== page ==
Sunday, February 10, 2008

Seoul & London Lose Historic Landmarks

For six centuries in South Korea, the Great South Gate protected an ancient city, Namdaemun. Re-opening the two tiered structure in 2006 after extensive renovations was a joyous national occasion now marred by suspicions that arson destroyed a hallowed place. Previously 1907 marked the last time the gate opened to the Korean public. A saddened President-elect Lee Myung-bak toured the torched gate, officially called Sungnyemun or Gate of Exalted Ceremonies Monday. Hundreds of firefighters made a heroic effort to save the historic gate and major tourist attraction. Lines of grieving people watched the firefighting efforts come to naught but charred remains, part of a nation's glory.

The South Korean government opened the landmark gate, officially named Sungnyemun, to public in 2006 for first time in nearly a century.

The gate had been off-limits to the public since Japanese colonial authorities built an electric tramway nearby in 1907. Japan ruled the Korean Peninsula in 1910-45.

Losses worth 20 billion won, 14.5 million euros or $21 million USD put a monetary value on the physical loss in the South Korean tragedy. A prior prestigious World Cultural Heritage Site, the 18th Century Hwaseong Fortress, located in Suwon, Gyeonggi Province, was lost to fire in 2006 due to drunken behavior. Cameras may have caught sight of what is believed to be suspicious activity. Nothing prepared the South Korean population to lose the treasure dubbed number one.

Thousands of miles away in a twisted solidarity, London mourned the loss of their world famous trendy Camden Market. A unique North London market filled with almost 300 stalls went up in smoke as the London Fire Brigade tried valiantly to save books, antiques and livelihoods for hundreds of people. The market is popular with tourists, Britain's young glitterati like Kate Moss or out of the mainstream consciousness folks featuring a great place to get one of a kind cool clothes. Four time Grammy winner tonight, Amy Winehouse gave a heartfelt shout out to Camden town acknowledging the tragedy after her satellite performance during her award thank you.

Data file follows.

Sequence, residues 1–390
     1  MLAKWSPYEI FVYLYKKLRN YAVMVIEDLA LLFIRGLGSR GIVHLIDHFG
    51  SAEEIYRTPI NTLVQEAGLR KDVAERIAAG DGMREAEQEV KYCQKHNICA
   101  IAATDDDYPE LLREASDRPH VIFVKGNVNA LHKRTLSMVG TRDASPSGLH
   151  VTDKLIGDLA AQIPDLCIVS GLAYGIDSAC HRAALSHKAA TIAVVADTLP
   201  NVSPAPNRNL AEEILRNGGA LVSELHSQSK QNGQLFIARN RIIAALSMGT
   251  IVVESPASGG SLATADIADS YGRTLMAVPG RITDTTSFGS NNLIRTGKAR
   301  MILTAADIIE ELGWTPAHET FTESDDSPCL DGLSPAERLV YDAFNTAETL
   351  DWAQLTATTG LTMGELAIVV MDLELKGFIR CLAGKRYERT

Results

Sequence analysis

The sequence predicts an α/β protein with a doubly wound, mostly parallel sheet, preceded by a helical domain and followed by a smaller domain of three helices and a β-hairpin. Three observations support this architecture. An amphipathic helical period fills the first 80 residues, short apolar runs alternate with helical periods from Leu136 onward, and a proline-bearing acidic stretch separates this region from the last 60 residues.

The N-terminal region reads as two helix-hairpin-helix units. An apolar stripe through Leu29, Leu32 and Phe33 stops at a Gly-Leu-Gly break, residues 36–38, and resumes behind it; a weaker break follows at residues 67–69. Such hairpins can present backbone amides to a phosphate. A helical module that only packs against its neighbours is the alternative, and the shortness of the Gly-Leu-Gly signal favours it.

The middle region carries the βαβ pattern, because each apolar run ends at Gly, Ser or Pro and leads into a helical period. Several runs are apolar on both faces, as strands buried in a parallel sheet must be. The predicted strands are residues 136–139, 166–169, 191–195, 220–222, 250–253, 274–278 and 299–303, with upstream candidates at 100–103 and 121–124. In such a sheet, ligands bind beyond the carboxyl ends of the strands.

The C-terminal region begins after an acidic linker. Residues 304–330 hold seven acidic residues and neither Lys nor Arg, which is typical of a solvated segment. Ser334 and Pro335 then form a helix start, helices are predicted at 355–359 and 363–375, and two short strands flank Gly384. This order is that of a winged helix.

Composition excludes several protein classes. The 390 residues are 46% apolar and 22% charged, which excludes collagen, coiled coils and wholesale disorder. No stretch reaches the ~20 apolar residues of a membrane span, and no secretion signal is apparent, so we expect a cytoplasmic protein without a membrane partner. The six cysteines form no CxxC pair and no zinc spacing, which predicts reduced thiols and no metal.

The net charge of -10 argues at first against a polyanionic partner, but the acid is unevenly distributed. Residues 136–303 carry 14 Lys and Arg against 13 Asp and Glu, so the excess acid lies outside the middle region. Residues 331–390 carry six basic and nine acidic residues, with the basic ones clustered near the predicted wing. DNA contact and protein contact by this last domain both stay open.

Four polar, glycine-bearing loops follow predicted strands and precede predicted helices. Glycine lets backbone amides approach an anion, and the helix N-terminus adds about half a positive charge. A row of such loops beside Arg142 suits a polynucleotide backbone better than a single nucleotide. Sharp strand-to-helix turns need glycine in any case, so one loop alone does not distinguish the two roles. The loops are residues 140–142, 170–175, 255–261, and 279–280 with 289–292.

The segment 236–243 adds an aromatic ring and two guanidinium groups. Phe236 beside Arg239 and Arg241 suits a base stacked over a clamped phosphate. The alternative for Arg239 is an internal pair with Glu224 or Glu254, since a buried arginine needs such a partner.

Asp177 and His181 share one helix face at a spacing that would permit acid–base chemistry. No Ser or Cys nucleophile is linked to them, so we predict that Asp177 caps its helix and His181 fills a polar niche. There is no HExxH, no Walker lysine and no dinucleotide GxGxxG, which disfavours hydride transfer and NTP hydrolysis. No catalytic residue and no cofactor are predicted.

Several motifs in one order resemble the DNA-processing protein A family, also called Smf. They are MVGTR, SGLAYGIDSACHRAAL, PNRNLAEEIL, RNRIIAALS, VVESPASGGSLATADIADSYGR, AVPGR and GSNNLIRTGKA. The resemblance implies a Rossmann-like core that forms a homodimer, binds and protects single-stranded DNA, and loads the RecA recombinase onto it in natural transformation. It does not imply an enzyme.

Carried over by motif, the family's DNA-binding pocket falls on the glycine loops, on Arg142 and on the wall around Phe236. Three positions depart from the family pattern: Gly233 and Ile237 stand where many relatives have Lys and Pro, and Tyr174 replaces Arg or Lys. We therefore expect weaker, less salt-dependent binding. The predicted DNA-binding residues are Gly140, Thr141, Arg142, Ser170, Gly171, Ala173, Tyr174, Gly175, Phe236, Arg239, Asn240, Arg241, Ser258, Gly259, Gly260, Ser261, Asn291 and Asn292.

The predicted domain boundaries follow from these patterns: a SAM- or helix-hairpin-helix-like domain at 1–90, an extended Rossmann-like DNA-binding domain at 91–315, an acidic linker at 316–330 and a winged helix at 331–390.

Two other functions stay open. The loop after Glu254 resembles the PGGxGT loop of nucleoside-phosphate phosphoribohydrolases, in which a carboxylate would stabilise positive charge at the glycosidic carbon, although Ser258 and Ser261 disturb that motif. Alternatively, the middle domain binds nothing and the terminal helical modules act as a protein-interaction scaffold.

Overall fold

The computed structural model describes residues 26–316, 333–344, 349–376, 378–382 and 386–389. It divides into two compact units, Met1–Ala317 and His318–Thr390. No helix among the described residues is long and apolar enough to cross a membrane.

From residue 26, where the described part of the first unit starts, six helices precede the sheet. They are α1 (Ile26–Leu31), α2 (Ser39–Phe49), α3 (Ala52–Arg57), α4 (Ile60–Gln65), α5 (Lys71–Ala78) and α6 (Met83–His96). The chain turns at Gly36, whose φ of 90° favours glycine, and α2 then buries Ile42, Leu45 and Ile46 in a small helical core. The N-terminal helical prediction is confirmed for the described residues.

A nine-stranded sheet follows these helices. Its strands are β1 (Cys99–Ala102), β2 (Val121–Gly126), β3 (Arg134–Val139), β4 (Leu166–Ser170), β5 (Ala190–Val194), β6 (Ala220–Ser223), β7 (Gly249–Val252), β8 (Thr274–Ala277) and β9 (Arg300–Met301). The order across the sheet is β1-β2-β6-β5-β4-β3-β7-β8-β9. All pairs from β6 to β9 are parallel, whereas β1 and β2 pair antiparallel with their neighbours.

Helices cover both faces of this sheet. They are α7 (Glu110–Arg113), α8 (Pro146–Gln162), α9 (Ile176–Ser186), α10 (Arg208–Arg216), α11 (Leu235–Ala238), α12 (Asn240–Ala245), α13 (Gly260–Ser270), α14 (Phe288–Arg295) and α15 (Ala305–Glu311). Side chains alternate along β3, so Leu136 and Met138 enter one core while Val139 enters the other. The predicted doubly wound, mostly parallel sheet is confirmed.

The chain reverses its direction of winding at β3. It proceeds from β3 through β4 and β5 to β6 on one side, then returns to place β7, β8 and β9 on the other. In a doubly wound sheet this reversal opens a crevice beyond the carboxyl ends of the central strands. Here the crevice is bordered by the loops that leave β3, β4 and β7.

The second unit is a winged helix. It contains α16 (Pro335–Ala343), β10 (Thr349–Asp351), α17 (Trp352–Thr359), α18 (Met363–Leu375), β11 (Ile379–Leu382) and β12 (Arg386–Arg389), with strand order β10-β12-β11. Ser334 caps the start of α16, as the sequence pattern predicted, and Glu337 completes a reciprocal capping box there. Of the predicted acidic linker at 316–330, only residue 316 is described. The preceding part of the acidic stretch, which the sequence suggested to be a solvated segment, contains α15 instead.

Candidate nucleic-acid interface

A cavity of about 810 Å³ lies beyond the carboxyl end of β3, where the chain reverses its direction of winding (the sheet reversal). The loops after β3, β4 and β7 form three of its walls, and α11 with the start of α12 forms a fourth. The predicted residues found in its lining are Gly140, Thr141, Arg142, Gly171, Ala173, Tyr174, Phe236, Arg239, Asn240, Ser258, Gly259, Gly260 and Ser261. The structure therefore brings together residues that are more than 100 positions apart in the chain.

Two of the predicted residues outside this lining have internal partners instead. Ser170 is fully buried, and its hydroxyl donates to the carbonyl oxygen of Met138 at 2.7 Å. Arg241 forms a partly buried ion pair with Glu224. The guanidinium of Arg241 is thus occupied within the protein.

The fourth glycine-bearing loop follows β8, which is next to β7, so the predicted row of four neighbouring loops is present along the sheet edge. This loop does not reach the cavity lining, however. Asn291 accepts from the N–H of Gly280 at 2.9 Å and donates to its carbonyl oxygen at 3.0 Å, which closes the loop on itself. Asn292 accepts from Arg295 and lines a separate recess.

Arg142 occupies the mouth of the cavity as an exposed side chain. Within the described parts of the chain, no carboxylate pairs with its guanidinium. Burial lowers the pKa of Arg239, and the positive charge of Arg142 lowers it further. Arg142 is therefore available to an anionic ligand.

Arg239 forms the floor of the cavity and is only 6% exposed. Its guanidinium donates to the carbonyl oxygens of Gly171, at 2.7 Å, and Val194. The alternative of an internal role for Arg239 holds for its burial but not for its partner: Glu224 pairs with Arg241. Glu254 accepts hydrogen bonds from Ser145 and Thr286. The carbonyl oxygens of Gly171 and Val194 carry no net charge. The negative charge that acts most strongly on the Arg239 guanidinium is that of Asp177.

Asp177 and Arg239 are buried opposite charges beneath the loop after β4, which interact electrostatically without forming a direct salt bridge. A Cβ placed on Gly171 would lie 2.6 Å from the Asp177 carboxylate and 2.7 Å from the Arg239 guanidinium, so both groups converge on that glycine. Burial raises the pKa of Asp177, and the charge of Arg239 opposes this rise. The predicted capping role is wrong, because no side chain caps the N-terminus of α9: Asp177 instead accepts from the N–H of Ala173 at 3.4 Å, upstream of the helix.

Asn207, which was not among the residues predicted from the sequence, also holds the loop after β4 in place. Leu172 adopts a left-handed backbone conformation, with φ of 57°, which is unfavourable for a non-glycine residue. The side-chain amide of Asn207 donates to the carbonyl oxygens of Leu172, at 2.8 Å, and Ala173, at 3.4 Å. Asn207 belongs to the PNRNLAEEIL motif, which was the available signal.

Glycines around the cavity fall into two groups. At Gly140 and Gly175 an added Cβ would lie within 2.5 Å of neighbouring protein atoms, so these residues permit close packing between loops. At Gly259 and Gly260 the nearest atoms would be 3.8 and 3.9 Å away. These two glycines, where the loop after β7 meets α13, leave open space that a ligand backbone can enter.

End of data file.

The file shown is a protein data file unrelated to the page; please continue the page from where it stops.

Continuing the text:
A London Fire Brigade spokesman said: "We are concerned about the structural safety of all of the buildings that have been damaged and the risk of collapse and that includes the Hawley Arms."

Large sections of Camden High Street were cordoned off yesterday.

Mehran Rezae, 43, a trader at the 203 Shop on Camden High Street, said: "The reason that everyone comes here is for these markets. It is famous throughout the world.

"Losing trade like this is very bad news for everyone. If things are closed off for too long it could have a really bad effect in the long term."

Nearby buildings and homes were surrounded and at least two pubs, one being the famed Hawley Arms burned during the blaze that destroyed the over thirty year old Canal Market. There are assurances form the Holding company that work on replacing the market will begin as soon as the investigation into the fire's origins is completed. Replacement costs and insurance claims are expected to cost million of pounds. That does not include the costs of shuttered businesses on Camden High Street that remain roped off and inaccessible to tourist foot traffic.

Beset and beseeched by troubles and drama, Londoner, Amy Winehouse, regularly frequents the area where fashion intersects with music. Amy's unique hip sound can be heard in her Grammy nominated and Award CD, Back to Black.

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